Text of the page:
1863: Warren B. Thorndike to Family


A CDV of Cpl. Warren B. Thorndike and his letter of September 1863

These two letters were written by Cpl. Warren B. Thorndike (1840-1865) of Co. I, 19th Maine Volunteer Infantry. Warren was the son of Larkin Thorndike (1809-1893) and Abigail (Hall) Grant (1804-1863) of Camden, Knox county, Maine. He wrote the first letter to his sister, Harriet Eleanora Thorndike who married Roscoe “Miles” Carter in March 1863. He wrote the second letter to his brother-in-law, Miles.

As a member of the 19th Maine, Thorndike saw action at Fredricksburg, Chancellorsville, Bristoe Station, Gettysburg, the Wilderness, Spotsylvania, the North Anna River and Cold Harbor. On June 23, 1864, Cpl. Thorndike and 133 other Union soldiers were taken prisoner along the Jerusalem Plank Road near Petersburg and marched off to Andersonville Prison. He died of scorbutus in March 1865 and is buried at Andersonville National Cemetery — grave marker 12716.


Addressed to M. S. Leach, P.M. [Post Master], West Camden, Maine


Camp near Falmouth, Va.
February 1, 1863

Eleanora — respected sister,

I received your letter this morning dated January 28th and was very glad to hear from you and that you were all well. And now take my pen to write you a few lines to let you know that I am well and hope these few lines will still find you all enjoying the same great blessing of God.

I am on guard today and was on yesterday too. The regiment is on picket today so I have to stay on two days. It is rather hard — especially on Sunday. I was very glad to get those pens. They will come in time of need and those stamps too. I got a letter from Father and Edward this morning. I was very glad to hear from home. I wrote about getting my box in my last to you. I have fared first rate since I had some sausage and doughnuts for my breakfast. They were nice. I thought of you when eating them for the most of my meal was cooked by you. I am very thankful for it. I would once more thank you all for your kindness to me. Clara’s cheese was very welcome and very good and all the box too. Eleanora, thank them all for me and give my love and best respects to them and receive your share with the rest which is not small.

The weather is warm here now. The sky is overcast today. I wish I was there to go to meeting today. I have quite good times now although I am lonesome and long to once more meet my brethren and sisters. It is noon and I will close and write some other time. Good morning, Eleanora.

Sunday afternoon, Feb. 1st.

I take my pen to write a few more words. I have been on guard since I wrote this forenoon. It rains now. I shall not have to stand guard tonight in the rain. Hain’t I lucky? I am as fat as a pig [and] enjoying myself well. Coming home in the spring if not greatly mistaken. Why did you not write how many stamps you had sent me? The next time you write, tell me how many and you can have your pay. Tell Miles to remember me. Tell him I send my love to your mother and the rest of the folks. Good afternoon sister, — W. B. Tho.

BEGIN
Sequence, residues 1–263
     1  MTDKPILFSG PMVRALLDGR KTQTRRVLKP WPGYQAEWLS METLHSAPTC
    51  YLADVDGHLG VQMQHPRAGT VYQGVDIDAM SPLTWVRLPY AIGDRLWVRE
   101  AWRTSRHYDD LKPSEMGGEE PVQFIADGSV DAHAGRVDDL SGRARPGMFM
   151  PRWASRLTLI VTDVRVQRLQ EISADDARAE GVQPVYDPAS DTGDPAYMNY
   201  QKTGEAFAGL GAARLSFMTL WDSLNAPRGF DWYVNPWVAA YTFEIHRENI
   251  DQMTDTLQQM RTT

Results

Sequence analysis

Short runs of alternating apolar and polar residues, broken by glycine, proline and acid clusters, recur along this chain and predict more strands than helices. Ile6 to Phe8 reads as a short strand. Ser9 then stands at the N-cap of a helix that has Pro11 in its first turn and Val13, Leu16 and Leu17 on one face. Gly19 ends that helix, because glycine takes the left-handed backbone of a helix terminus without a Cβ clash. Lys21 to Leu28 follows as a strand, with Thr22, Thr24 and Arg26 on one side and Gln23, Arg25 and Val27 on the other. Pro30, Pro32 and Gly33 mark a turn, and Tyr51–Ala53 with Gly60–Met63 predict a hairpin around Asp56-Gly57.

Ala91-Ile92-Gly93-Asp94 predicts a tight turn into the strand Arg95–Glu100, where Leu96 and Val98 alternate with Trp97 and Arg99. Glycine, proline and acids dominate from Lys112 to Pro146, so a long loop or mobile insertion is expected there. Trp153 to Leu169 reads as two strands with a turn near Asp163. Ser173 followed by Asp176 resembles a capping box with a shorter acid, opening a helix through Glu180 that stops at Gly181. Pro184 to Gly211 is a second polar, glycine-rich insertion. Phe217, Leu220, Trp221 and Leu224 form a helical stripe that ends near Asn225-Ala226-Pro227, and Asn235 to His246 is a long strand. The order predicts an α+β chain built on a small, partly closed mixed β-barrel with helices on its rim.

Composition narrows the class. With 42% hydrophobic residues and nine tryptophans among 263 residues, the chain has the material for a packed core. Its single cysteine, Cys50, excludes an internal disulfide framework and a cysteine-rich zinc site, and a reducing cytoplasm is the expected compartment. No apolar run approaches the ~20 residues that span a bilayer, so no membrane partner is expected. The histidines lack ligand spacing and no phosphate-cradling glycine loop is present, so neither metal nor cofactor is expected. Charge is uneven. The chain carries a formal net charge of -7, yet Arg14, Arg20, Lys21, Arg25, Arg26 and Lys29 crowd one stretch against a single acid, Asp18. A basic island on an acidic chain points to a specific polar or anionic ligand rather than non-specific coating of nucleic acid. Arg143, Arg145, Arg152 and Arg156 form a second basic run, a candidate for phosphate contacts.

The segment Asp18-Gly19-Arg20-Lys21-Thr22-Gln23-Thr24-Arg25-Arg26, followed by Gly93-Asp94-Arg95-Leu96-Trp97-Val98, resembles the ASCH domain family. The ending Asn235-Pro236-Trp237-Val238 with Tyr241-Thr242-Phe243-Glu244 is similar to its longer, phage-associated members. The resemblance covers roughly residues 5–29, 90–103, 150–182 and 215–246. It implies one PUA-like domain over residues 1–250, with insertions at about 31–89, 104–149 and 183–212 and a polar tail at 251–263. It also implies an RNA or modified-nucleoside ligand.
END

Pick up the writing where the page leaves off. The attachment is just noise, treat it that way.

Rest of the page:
Monday morning, Feb. 2nd

Sister Eleanora,

Good morning. I should like to see you this morning but [it is] impossible. The weather is cold today. I have just been to breakfast. I had hard bread, apple sauce and butter and doughnuts. I fared nicely. You must excuse me for so short a letter for I have 4 letters to write and finish before the mail goes so good day. Write soon. Yours in haste.

— W. B. T.

Send me some stamps.


In Camp near Culpeper, Va.
September 14, 1863

Brother Miles,

I take my pen to answer your letter of the 6th inst., which I received the 11th, but owing to having to march the next morning, I haven’t had a chance to answer it before. I was very glad to get a letter from you once more for your letters always encourage me to persevere on.


Cpl. Warren B. Thorndike, Co, 19th Maine Vols.

We crossed the river yesterday morning. We are expecting to move forward every moment. I hear heavy cannonading in front. Our cavalry was engaged by spells yesterday. We drove them and took a lot of prisoners and some artillery. The news is that the Rebs have crossed the Rapidan and burned the bridge but how true the report, I cannot tell. The negroes here say that most of Lee’s force has gone to South Carolina.

My health is good for me and I hope these few hasty written lines will find you in good health. I am still trying to pray as of former days but I am far from enjoying what I have enjoyed of former days. I find it hard to maintain my Christian principles for I have everything to fight against but I have not time to write about that now. Brother, pray for me. I desire to be a true Christian. I hope soon to see you and enjoy the blessing of prayer and other privileges of home. Give my love to [sister] Eleanora and to all enquiring friends and accept a brother’s [love] yourself.

You spoke about sending out boots. I don’t know what to say but as we are now, it would be no use. What price do you get for those boots you spoke about to me at home? If I see a chance to do anything, I will write you. I think there will be a sight when we settle again. Write often as you can and I will do the same. I will close by wishing you good day.

I still remain your brother in Christian love, as ever—W. B. Tho.

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